We have previously reported presentation serum selenium level to be predictive of outcome in diffuse large B-cell lymphoma. This has now been studied in a further 430 patients, 163 with acute myeloid leukaemia (AML), 156 with Hodgkin Lymphoma (HL), and 111 with Follicular Lymphoma (FL). Serum selenium was below the UK normal reference range in 45% of patients, and correlated with serum albumin (r=0·24-0·46, P<0·001-0·003) in all tumour types. Independent predictors of presentation selenium were; French-American-British subtype and albumin (P<0·001 for both) in AML, haemoglobin (P=0·002) and B-symptoms (P=0·01) in HL, and albumin (P<0·001) in FL. In AML and HL, response to first line therapy was lower in patients with low serum selenium, but selenium was no longer predictive of response when other variables were entered into a multivariate model. Low selenium was also associated with a worse overall survival in FL [Hazard Ratio (HR) 2·3, 95% confidence interval (CI) 1·4, 4·0] and a trend to a worse overall survival in AML (HR 1·43, 95% CI 0·96, 2·13) by univariate Cox regression analysis, but not by multivariate analysis. In conclusion, low serum selenium is associated with a worse outcome in patients with haematological malignancies, but is not independently predictive, suggesting that it reflects other factors.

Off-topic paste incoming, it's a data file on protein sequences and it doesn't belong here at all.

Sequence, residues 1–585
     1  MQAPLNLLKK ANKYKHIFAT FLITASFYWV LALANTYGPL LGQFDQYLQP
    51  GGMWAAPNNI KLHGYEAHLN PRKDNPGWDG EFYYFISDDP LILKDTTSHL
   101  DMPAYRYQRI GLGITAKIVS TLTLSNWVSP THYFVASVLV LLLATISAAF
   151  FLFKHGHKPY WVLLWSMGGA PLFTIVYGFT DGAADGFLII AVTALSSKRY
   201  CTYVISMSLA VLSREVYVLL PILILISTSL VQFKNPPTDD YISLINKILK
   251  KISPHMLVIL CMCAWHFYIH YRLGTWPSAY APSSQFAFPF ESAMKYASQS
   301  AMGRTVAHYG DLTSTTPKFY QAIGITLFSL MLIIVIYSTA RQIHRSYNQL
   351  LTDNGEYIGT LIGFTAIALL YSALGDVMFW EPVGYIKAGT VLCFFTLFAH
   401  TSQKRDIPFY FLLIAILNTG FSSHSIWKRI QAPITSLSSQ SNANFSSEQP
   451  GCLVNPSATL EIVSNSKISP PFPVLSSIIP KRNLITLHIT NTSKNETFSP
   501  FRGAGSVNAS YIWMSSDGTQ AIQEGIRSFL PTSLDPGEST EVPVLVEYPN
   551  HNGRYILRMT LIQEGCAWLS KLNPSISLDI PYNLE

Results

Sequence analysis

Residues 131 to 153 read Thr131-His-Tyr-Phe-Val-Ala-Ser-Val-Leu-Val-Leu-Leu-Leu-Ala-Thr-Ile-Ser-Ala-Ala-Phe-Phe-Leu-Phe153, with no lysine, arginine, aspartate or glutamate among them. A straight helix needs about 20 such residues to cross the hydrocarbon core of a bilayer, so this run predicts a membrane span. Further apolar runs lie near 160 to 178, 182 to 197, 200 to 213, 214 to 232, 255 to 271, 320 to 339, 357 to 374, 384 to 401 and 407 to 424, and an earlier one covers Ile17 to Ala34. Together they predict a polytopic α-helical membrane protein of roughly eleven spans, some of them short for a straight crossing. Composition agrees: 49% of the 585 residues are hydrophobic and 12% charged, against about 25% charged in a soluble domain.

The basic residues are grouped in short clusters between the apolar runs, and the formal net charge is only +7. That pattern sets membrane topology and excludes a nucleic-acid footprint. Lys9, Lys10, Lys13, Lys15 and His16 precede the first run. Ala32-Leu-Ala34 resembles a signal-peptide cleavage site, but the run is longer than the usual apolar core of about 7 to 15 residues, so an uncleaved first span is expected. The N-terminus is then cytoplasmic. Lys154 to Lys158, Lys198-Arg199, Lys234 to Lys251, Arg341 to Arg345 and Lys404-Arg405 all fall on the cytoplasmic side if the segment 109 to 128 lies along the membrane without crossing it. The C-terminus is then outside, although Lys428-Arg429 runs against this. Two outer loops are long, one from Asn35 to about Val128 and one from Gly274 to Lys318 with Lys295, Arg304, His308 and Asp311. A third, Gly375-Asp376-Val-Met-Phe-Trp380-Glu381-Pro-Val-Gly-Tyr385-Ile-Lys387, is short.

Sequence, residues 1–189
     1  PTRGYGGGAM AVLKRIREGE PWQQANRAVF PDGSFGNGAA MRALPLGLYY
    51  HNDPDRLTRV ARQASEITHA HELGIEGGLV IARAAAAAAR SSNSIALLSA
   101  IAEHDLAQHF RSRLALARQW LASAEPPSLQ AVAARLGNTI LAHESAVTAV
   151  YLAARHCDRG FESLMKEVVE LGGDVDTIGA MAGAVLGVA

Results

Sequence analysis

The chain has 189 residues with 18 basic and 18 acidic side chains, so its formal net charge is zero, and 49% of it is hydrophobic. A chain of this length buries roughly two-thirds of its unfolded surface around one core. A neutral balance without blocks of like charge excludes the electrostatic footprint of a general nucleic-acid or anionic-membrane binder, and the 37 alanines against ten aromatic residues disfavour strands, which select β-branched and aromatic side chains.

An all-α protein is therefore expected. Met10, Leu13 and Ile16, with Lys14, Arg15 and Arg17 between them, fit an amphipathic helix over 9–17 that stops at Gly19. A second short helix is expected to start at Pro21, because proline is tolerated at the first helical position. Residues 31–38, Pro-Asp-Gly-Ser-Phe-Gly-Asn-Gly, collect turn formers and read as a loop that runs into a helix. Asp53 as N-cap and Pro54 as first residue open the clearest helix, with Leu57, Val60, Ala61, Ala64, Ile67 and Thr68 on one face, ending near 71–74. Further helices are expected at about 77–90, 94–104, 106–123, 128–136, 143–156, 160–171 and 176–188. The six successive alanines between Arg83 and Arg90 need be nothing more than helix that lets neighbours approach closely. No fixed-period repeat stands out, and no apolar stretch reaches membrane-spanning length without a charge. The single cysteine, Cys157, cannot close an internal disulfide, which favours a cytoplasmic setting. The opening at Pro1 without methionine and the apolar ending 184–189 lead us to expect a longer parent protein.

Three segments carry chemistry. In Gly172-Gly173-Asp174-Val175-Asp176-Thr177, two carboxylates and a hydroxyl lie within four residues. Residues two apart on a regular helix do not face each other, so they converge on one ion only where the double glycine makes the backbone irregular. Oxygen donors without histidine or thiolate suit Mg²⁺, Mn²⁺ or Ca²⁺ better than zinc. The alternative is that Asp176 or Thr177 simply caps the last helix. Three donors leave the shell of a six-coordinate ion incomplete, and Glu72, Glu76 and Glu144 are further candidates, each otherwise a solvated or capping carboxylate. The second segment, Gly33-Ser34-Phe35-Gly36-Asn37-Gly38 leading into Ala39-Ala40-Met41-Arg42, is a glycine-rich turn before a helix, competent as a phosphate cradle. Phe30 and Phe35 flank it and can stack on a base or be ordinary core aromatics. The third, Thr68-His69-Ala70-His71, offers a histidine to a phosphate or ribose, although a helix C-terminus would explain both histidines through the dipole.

© 2011 Blackwell Publishing Ltd.